Colorado Resident Spots Big Cat in Yard: Is It a Bobcat or a Lynx?
If you know me, you know that I'm a huge fan of the Nextdoor app. It's a great way to keep up with neighborhood happenings, safety, and drama (don't judge me).
As I was scrolling through the app the other day, I came across this post from Fort Collins:
Commenters were quick to point out that the cat was likely not a lynx, but a bobcat, as lynx are rare in Northern Colorado. But how can you spot the difference between these two big cats?
How to Identify a Lynx in Colorado
Colorado's lynx population has increased since the animal's reintroduction to the Centennial State in 1999. According to Colorado Parks and Wildlife (CPW), lynx primarily live in subalpine forests in the San Juan Mountains — this, coupled with the animal's elusive nature, means you're not likely to see one in Northern Colorado.
Still, lynx occasionally stray from their usual habitat. In February, someone saw one playing in the snow near Silverton.
To identify a lynx, CPW says you can look at five characteristics: foot size, tail, collars, coloring, and tracks.
Lynx have big feet that appear disproportional to their bodies and produce large tracks (around 5 inches across). The tips of their tails are completely black, and their coats are usually free of significant spots and stripes.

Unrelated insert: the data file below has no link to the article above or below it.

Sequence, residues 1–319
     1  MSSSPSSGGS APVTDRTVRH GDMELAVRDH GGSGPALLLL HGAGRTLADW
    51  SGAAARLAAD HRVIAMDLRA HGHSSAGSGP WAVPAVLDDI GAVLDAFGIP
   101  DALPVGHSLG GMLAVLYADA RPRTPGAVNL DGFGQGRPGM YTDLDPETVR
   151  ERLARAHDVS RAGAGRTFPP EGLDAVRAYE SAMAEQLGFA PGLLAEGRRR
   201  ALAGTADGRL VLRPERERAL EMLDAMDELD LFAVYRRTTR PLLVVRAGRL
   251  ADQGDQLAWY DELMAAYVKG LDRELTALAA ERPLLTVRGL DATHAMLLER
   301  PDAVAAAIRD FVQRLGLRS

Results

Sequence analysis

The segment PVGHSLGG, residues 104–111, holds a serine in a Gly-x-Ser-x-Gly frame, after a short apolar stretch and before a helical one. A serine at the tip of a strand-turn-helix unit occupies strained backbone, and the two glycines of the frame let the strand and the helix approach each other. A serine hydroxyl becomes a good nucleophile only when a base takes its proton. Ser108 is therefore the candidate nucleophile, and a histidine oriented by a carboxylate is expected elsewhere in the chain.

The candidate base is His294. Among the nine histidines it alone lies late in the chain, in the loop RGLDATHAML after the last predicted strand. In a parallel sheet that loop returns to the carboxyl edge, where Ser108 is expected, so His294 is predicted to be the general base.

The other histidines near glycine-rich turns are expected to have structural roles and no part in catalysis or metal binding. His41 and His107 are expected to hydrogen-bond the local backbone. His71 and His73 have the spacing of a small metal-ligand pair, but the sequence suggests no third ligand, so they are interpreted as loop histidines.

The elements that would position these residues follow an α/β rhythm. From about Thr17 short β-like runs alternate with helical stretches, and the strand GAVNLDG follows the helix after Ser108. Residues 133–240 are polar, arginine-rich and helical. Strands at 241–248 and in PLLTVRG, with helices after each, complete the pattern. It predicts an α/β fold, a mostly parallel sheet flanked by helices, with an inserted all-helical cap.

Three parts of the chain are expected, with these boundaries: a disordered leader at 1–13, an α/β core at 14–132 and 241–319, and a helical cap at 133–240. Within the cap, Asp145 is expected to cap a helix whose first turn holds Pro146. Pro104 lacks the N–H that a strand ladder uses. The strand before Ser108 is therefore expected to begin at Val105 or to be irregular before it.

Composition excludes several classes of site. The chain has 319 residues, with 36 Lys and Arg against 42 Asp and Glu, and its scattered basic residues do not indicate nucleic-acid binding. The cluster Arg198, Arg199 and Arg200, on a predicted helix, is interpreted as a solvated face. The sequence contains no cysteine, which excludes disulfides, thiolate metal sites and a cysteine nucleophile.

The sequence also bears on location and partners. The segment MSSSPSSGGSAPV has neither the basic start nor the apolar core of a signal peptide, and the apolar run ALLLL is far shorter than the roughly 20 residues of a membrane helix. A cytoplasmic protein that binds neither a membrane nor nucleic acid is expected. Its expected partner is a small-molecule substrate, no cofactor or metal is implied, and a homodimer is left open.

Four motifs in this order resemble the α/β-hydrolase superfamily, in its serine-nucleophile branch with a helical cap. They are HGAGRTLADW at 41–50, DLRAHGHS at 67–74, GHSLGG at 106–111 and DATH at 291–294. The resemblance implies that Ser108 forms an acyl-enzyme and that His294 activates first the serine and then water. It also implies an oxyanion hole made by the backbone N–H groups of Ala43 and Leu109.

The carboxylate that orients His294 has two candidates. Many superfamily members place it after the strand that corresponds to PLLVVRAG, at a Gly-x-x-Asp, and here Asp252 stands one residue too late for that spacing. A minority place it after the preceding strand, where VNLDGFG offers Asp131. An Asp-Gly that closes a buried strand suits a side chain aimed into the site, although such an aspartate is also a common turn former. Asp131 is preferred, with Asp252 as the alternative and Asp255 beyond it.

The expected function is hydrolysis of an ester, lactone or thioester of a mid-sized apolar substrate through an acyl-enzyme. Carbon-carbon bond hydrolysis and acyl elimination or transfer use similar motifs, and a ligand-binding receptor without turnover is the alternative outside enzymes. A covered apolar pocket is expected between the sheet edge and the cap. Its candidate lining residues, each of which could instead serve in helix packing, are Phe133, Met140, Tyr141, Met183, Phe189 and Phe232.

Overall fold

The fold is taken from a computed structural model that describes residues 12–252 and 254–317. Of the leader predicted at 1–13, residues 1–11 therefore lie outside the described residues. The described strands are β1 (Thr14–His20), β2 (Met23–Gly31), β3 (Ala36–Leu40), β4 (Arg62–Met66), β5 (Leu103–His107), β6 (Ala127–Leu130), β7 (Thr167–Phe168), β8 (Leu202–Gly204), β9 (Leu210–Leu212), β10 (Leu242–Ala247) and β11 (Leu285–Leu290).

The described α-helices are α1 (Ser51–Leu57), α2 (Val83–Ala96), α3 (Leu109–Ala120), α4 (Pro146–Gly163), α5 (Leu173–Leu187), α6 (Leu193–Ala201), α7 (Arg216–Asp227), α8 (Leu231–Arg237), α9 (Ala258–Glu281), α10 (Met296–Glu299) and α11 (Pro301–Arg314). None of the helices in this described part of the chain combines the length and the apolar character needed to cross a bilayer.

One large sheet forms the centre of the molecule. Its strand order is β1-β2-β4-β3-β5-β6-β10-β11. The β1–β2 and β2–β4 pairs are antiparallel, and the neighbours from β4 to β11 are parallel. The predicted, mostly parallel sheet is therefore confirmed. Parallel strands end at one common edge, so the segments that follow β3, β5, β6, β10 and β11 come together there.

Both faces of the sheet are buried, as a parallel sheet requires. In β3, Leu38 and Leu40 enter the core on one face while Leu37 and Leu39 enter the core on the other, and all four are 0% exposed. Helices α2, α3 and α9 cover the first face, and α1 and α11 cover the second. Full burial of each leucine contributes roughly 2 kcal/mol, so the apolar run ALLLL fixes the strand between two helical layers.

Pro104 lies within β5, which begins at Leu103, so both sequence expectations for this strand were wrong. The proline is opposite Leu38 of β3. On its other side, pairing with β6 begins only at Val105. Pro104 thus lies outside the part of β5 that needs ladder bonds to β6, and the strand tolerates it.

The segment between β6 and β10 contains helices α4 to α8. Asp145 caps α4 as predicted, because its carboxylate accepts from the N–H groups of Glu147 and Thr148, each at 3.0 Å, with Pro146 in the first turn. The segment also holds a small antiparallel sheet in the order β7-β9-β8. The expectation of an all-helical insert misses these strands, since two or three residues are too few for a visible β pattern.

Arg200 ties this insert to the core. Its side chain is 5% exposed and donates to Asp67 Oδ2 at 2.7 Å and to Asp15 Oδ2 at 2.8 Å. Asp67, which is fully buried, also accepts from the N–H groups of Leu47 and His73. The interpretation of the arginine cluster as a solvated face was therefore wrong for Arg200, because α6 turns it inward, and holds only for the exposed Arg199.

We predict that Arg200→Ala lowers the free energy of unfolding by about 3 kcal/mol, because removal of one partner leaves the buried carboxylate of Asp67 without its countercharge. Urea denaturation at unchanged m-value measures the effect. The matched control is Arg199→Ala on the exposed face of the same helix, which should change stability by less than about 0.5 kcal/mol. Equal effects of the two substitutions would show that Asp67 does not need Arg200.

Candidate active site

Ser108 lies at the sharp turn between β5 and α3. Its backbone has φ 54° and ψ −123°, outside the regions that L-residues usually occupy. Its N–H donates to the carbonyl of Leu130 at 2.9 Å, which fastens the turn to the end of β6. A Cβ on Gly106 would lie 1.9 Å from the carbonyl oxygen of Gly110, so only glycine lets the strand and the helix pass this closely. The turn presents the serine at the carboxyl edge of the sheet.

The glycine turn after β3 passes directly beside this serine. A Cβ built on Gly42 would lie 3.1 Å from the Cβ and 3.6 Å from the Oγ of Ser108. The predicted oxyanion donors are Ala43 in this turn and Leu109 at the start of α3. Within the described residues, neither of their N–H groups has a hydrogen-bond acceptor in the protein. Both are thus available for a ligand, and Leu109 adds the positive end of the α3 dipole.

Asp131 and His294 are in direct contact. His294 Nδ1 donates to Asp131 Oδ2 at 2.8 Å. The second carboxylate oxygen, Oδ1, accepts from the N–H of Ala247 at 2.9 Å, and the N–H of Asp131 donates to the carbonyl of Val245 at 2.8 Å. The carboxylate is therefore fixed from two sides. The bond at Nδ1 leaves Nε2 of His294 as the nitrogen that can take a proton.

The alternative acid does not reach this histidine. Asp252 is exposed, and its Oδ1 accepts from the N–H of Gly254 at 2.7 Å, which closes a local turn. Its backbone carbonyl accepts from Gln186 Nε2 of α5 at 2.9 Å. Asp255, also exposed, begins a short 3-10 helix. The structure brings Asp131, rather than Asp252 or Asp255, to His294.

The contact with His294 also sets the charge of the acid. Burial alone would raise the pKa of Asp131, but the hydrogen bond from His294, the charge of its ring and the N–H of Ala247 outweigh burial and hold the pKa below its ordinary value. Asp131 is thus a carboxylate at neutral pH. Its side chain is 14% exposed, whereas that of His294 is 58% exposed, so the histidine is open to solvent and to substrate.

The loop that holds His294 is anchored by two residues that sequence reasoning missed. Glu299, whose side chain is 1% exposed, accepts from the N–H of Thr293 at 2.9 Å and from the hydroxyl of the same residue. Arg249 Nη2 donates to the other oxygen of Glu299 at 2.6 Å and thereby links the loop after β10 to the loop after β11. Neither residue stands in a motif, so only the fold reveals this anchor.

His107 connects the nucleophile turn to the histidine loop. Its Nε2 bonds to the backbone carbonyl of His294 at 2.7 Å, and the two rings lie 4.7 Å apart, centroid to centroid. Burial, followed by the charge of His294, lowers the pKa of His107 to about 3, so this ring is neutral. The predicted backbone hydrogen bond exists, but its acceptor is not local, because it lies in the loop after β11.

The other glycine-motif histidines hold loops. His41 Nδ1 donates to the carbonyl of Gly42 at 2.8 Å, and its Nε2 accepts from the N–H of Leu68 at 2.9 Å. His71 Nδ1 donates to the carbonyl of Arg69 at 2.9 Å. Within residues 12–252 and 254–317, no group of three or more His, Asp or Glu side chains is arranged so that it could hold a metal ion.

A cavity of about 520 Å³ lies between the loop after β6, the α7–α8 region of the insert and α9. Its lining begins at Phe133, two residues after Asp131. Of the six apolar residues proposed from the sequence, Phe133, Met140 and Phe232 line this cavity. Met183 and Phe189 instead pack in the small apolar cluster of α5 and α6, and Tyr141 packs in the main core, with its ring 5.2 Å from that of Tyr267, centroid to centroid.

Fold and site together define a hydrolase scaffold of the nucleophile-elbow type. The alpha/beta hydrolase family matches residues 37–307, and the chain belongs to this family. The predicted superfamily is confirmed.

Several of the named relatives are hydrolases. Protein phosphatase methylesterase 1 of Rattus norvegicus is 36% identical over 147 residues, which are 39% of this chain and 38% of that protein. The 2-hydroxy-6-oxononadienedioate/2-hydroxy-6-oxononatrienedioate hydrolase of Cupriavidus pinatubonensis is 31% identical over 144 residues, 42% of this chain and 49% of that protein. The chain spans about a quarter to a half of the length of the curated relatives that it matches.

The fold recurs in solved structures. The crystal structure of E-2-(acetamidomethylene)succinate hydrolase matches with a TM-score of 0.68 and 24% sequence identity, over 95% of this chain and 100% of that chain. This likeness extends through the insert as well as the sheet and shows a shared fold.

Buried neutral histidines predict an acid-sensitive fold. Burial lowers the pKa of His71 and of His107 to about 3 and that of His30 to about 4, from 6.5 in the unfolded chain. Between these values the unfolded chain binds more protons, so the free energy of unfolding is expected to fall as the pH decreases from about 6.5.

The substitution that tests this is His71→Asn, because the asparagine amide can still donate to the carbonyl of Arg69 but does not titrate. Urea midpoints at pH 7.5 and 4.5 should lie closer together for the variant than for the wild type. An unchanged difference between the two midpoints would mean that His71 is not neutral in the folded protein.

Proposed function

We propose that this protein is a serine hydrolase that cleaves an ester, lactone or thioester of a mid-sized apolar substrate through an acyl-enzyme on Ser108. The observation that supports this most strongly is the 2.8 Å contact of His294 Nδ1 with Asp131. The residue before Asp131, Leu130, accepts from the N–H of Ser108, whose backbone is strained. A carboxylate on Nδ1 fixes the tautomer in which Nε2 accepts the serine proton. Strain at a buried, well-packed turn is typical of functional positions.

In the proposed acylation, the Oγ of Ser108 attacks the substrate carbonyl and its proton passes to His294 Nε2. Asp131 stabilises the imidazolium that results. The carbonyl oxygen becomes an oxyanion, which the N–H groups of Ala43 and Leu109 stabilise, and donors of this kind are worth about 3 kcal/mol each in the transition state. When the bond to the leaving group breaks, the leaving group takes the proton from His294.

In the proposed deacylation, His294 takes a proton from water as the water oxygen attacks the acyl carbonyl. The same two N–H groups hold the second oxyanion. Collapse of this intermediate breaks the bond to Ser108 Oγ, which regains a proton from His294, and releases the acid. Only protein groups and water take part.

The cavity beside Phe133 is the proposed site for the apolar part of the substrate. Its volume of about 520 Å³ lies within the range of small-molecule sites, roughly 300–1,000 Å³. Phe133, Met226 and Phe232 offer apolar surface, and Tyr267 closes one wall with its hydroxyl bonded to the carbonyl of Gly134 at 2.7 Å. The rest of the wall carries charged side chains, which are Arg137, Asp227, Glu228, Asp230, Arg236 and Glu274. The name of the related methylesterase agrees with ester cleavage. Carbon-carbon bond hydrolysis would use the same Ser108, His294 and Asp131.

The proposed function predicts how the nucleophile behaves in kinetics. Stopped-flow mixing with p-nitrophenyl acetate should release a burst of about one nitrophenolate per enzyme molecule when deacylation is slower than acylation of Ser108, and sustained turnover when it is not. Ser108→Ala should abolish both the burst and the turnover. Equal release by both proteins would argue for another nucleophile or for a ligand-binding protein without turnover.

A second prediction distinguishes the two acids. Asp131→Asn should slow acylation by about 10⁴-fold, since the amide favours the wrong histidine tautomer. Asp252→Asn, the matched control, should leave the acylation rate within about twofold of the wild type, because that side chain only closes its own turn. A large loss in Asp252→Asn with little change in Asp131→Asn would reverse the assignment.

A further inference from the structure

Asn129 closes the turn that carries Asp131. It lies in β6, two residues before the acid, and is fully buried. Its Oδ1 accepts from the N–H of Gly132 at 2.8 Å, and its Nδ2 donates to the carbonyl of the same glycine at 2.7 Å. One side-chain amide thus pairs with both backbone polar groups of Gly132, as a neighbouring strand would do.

You can also recognize a lynx by its collar, which features a long radio antenna.
How to Identify a Bobcat in Colorado
According to CPW, bobcats thrive in foothills and canyons — including the ones in Northern Colorado. Like the lynx, the animals tend to avoid humans, but CBS4 reports that they will venture into cities to find food.
Unlike the lynx, CPW says bobcats have smaller feet that appear proportional to their bodies and produce smaller tracks (around 3 inches across). The tips of their tails are black but have a white underside that distinguishes them from the lynx.
The bobcat's tail is also often longer than the lynx's tail, and their coats usually have noticeable spots and stripes.
Lynx and bobcats aren't the only animals in Colorado to be on the lookout for. Check out the most dangerous animals in the Centennial State in the gallery below.